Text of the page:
You are looking at  1-10 of 62 articles  for:

  • Evolution of Language x
Clear All

View:

Are other animals as smart as great apes? Do others provide better models for the evolution of speech or language?  

Kathleen R. Gibson

Print publication date:
Nov 2011
Online publication date:
Sep 2012
This article reviews recent evidence for advanced, language-pertinent, cognitive capacities in birds and mammals and evaluates the potential suitability of song and other animal vocal ... More

Bird song and language  

Peter Slater

Print publication date:
Nov 2011
Online publication date:
Sep 2012
This article provides an overview of bird song and language. There are several reasons why bird song might be of interest to those who are studying human language. First, and most ... More

Cognitive prerequisites for the evolution of indirect speech  

Frederick L. Coolidge and Thomas Wynn

Print publication date:
Nov 2011
Online publication date:
Sep 2012
This article proposes the important prerequisites for indirect speech that includes at least four major cognitive factors, adequate phonological storage capacity, recursion, a full theory ... More

Compositionality and Beyond: Embodied Meaning in Language and Protolanguage  

Michael A. Arbib

Print publication date:
Feb 2012
Online publication date:
Sep 2012
This article mentions that a formal view of compositional semantics is helpful both for what it reveals about the structure of language and also for what it deletes, including context, the ... More

Compositionality and Linguistic Evolution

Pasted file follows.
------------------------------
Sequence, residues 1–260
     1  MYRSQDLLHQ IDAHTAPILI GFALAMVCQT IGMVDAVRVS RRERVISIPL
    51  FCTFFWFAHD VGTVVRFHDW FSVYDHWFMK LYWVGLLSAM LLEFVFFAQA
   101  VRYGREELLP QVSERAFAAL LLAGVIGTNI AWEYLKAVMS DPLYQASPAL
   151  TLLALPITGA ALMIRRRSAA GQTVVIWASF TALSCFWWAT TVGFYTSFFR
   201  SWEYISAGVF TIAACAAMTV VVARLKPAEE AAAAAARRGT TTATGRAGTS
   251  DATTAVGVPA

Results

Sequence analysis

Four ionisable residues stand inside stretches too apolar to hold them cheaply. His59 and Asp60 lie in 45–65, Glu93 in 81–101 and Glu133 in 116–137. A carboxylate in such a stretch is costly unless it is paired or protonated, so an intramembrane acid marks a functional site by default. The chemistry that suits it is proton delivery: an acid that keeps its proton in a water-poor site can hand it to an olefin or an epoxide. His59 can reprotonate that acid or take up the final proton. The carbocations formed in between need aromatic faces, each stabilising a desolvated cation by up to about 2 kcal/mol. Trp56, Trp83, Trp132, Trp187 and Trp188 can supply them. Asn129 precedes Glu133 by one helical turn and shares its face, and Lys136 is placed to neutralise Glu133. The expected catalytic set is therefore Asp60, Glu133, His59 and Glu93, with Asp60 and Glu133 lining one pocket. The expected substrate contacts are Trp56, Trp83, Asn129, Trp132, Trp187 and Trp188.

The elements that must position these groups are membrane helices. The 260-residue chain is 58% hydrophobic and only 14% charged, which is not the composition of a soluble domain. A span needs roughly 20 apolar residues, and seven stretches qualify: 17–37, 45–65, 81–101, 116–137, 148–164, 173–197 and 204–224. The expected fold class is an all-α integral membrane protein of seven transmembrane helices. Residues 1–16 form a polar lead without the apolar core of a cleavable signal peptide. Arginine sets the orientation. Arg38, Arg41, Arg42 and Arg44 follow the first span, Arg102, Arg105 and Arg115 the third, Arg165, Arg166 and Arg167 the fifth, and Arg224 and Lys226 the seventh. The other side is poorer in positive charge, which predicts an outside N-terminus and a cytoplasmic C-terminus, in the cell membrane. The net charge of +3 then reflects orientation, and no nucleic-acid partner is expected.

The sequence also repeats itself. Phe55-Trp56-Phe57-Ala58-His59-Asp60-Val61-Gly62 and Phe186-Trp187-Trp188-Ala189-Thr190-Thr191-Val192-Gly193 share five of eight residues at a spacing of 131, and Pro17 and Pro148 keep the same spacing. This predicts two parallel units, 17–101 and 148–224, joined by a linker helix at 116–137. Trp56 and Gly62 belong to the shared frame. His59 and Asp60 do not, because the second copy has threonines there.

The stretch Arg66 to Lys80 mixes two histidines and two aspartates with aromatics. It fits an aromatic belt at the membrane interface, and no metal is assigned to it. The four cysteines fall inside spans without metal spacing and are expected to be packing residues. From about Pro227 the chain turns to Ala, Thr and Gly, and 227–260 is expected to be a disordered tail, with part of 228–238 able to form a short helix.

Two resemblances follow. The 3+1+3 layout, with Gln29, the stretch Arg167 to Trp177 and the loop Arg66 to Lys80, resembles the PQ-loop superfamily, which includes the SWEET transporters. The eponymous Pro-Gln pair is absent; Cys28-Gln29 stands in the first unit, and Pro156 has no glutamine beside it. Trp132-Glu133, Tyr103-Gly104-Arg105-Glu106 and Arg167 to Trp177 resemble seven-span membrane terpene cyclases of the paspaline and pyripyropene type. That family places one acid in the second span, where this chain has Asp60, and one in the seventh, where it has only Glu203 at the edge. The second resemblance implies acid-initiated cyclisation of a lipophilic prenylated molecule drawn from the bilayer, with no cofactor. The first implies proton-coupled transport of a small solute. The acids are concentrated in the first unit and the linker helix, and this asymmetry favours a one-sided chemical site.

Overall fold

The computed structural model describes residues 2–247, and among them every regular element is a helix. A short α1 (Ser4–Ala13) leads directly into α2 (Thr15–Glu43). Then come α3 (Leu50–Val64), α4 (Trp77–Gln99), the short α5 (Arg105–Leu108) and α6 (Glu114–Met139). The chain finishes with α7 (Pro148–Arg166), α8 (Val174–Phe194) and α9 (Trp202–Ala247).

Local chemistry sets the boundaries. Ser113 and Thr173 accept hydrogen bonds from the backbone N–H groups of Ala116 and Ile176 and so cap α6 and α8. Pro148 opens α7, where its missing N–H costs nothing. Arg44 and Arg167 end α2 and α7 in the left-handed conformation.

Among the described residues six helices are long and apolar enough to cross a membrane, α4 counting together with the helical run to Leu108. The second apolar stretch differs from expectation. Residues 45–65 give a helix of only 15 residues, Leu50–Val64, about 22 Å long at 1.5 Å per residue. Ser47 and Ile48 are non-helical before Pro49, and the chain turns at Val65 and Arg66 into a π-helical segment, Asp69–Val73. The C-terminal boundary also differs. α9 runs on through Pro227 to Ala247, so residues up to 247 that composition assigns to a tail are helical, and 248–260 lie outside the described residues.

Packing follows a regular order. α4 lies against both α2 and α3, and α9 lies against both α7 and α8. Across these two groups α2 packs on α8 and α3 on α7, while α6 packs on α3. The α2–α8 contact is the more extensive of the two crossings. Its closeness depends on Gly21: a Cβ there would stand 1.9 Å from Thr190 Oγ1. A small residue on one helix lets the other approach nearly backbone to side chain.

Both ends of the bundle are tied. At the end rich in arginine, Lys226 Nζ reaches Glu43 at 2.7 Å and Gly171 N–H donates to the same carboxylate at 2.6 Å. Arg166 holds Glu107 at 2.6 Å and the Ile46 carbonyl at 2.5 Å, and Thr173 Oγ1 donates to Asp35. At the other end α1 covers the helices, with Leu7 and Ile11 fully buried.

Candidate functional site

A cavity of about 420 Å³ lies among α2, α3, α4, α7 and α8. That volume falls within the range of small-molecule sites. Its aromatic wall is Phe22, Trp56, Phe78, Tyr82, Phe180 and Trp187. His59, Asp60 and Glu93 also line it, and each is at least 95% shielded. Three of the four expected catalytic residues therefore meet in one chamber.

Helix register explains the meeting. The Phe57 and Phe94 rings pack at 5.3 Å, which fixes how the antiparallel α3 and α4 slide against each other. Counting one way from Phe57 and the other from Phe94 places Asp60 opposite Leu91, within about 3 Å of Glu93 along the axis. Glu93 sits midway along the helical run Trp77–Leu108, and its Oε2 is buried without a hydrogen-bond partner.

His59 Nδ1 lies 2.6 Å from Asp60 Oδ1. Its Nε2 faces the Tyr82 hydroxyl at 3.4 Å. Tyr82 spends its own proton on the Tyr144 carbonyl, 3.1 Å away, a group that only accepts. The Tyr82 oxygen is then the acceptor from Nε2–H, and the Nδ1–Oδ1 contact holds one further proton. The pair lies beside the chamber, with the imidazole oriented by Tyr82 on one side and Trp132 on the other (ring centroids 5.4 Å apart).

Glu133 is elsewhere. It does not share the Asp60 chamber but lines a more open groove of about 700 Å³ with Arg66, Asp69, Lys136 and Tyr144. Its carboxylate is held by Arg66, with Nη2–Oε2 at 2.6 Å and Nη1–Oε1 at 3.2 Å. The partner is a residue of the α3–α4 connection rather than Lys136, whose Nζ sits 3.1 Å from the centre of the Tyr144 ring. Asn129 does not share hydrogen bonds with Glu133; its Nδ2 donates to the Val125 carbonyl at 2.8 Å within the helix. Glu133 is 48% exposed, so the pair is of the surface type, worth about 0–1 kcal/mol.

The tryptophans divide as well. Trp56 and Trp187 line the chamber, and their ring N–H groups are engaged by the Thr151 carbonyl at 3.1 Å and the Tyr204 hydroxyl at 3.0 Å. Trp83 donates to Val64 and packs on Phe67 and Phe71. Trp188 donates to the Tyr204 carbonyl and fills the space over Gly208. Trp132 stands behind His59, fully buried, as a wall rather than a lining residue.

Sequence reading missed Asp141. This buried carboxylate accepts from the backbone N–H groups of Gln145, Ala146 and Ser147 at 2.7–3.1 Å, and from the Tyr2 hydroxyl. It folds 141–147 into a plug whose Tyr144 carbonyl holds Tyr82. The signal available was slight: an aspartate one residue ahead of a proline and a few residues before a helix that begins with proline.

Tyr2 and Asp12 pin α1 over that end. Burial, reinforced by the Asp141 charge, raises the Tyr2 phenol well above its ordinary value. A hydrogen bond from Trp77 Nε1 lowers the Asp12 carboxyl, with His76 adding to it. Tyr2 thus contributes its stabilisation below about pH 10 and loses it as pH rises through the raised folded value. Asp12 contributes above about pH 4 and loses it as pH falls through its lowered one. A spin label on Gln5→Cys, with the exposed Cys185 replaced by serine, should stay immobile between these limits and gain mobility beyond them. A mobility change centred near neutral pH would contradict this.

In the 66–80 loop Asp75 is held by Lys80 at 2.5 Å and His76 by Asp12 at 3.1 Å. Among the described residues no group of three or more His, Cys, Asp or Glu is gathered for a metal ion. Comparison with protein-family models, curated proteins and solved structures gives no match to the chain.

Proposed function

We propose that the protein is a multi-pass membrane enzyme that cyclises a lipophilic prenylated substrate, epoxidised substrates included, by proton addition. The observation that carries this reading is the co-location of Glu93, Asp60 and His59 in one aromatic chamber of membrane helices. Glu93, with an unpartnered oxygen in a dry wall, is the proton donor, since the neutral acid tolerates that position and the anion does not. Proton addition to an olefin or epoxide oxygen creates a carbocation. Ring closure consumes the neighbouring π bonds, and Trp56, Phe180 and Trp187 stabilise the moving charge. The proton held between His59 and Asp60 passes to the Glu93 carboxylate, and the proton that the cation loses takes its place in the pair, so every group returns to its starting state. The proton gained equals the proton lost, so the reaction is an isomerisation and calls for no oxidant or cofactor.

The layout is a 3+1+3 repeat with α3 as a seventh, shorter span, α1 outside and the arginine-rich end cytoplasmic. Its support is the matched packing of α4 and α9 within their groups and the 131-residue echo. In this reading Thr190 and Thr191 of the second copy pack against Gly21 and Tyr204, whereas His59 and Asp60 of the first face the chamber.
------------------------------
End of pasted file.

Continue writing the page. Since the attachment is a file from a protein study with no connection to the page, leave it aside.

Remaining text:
Kenny Smith and Simon Kirby

Print publication date:
Feb 2012
Online publication date:
Sep 2012
The productivity of language is subserved by two structural properties: language is recursive, which allows the creation of an infinite number of utterances, and language is compositional, ... More

Cooperative breeding and the evolution of vocal flexibility  

Klaus Zuberbühler

Print publication date:
Nov 2011
Online publication date:
Sep 2012
Primates communicate not only because they are biologically hardwired to do so, but also because they pursue specific goals during social interactions. This is well documented in the ... More

Displays of vocal and verbal complexity: a fitness account of language, situated in development  

John L. Locke

Print publication date:
Nov 2011
Online publication date:
Sep 2012
This article presents several factors related to the evolution of vocal and phonetic behaviors thus discussing the emergence of symbolization and reference. Evolutionary theories must ... More

Domain‐general processes as the basis for grammar  

Joan L. Bybee

Print publication date:
Nov 2011
Online publication date:
Sep 2012
The article demonstrates many aspects of grammar that can be derived from domain-general cognitive processes, especially those of neuromotor automation, chunking, categorization, ... More

The emergence of language, from a biolinguistic point of view  

Cedric Boeckx

Print publication date:
Nov 2011
Online publication date:
Sep 2012
Biolinguistics is a fairly broad research program that allow for the exploration of many avenues of research, including the formalist, functionalist, and nativist, and it insists on the ... More

The emergence of phonetic form  

Michael Studdert‐Kennedy

Print publication date:
Nov 2011
Online publication date:
Sep 2012
The human hands, face, and vocal machinery have evolved as finely differentiated parts as compared to other primates due to the two phenomena that includes child development and ... More

View: